• http://dictionary.reference.com/browse/art Tessa

    This is something that I’m sure artists will be debating for years.  There are valid arguments on both sides but it is ultimately it is up to the next generation to preserve the history and legacy of the artwork. 

  • Jerrysaltz

    As you wrote, Nobody should expect to make personal, preferential demands of a future world; if they succeed, that only makes us a bunch of suckers.”Well put.And true.Art first; all else will follow.
    PS. Once Barnes got what he wanted from an artist he dropped them like a hot-tamale.After Barnes got Matisse to make the mural – basta.Barnes NEVER allowed Lipshutz to even SEE the bas-reliefs he made for the outside of the old Barnes!Matisse’s ‘Joy of Life’ used to hang in a dingy stairwell with NO LIGHT.If a viewer even asked the WRONG QUESTION to one of the docents, they were FORCED TO LEAVE!Art-police and purists who argue for the strictures of owners are often not arguing for ART.Let my people go! (My ”people” being art, not my fellow Jews.)Way to go.Jerry Saltz
     

    • whitney_kimball

      Thanks! Frankly, Barnes was a dick. There. I said it. We can all come out from under the floorboards now.

    • http://www.facebook.com/eyaari Evelyn Yaari

      Jerry, let’s ask whether there is any additional benefit  – beyond seeing art - to  going ever so slightly out of the way to visit a nearby serene place that resonates with a rich history, where the artists who created some of our most beloved artworks spent time. Barnes IS being portrayed as a dick in numerous articles, as if to say, “See?  He deserved to be raped!” The man was big in his gererosity as he was in his collecting. What’s so wrong with simply asking that the collection remain in a perfectly assembled total installation? Isn’t that installation “art,” too?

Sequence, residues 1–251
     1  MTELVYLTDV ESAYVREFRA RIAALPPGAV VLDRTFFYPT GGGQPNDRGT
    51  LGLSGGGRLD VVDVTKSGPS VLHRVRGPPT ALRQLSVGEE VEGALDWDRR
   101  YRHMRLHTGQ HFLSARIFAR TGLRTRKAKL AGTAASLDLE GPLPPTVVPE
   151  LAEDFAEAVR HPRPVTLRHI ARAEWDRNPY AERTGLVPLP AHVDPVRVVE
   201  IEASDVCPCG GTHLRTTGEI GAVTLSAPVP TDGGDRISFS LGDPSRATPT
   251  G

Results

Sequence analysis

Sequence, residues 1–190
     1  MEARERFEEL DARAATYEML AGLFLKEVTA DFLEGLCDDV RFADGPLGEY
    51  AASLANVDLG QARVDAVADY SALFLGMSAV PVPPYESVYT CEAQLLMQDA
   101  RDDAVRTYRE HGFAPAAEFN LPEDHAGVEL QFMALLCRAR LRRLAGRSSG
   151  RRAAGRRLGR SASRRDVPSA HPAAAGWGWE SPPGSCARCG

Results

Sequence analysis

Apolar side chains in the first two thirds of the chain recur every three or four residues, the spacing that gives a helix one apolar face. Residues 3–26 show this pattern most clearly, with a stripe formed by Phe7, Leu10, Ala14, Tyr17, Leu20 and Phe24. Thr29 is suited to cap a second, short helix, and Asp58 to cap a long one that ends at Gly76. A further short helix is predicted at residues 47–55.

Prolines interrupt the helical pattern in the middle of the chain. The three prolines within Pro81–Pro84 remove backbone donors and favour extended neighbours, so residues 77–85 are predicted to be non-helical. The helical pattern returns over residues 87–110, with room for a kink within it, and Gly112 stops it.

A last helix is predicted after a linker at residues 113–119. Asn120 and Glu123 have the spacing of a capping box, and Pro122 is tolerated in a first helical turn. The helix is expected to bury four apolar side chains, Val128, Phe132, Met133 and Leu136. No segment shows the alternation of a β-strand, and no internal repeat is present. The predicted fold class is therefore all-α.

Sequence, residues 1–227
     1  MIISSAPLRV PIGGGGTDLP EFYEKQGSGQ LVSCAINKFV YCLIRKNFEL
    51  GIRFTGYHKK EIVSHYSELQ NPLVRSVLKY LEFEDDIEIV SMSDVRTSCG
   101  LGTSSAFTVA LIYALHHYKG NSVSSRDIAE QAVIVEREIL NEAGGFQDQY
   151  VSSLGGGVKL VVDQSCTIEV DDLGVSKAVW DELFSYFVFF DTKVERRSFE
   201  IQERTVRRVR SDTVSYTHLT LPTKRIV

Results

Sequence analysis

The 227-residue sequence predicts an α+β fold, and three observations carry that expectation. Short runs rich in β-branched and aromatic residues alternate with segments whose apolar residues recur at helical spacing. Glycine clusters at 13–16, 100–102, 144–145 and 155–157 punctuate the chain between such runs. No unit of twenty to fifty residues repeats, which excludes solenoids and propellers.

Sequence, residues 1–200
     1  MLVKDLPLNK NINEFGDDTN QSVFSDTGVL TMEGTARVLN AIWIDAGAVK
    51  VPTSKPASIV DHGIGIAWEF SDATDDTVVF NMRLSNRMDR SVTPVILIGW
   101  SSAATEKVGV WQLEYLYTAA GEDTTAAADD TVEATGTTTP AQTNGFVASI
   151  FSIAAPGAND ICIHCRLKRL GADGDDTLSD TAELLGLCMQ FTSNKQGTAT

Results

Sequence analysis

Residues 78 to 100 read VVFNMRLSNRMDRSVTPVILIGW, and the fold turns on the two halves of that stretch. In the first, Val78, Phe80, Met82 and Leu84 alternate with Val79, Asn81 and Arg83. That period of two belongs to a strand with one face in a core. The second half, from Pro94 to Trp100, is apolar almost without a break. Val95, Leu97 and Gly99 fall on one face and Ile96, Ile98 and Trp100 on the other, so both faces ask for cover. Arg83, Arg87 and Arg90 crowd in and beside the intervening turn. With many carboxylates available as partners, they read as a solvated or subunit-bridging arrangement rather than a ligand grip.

And your examples of art-police are highly exaggerated. Anyone who wanted to come there, could. The obstructions to access weren’t because of the local township, but by the Barnes Board, which never filed an application seeking to expand access through a change in zoning.  The neighbors (you know, those “hostile” people) DID file the application which approved having at least 145,000 people a year plus tens of thousands of school students — all of whom would be able to see an authentic place instead of a re-creation.  But even after the zoning was changed, the Board made almost no changes to improve access.  And what about the money? They’ve sunk $150,000,000 into re-making something that was already effectively in Philadelphia, while schools, libraries are closed, school art programs are non-existent. Let’s not pretend that an annual visit to the “New” Barnes is a replacement for art education in school all year.  Sorry for the harangue, but the move is not the “way to go.” Needless, destructive, and a lot of deception to pull it off. The public has lost something extraordinary.

  • Hoffman

    It is a shame that non-ideal as it may have been in terms of lighting, the opportunity to see a collection in situ as arranged by the collector is lost. It is not just about one person’s dominance, it is about a snapshot of history and personal acquisition fading away.  If anyone has been to the Gardner – again, lighting is not ideal, but you get to see art being lived with instead of dropped in the sterile environs of a white box.

    I also think it’s sad that once again the “awful collector” is at the bottom of the pile.  So often cast as the villain, cause of the decline of art thanks to commercialism, etc. etc.  Get over it.  Without collector money none of this art would be around to preserve, none of the museums in this country would have collections, there would be nothing for critics to write about, and who would read this blog.  Oh, and the next time you are sipping champagne and schmoozing at some high priced art event, don’t forget to pick up your “ethics” with the coat you checked at the door.

  • Hoffman

    It is a shame that non-ideal as it may have been in terms of lighting, the opportunity to see a collection in situ as arranged by the collector is lost. It is not just about one person’s dominance, it is about a snapshot of history and personal acquisition fading away.  If anyone has been to the Gardner – again, lighting is not ideal, but you get to see art being lived with instead of dropped in the sterile environs of a white box.

    I also think it’s sad that once again the “awful collector” is at the bottom of the pile.  So often cast as the villain, cause of the decline of art thanks to commercialism, etc. etc.  Get over it.  Without collector money none of this art would be around to preserve, none of the museums in this country would have collections, there would be nothing for critics to write about, and who would read this blog.  Oh, and the next time you are sipping champagne and schmoozing at some high priced art event, don’t forget to pick up your “ethics” with the coat you checked at the door.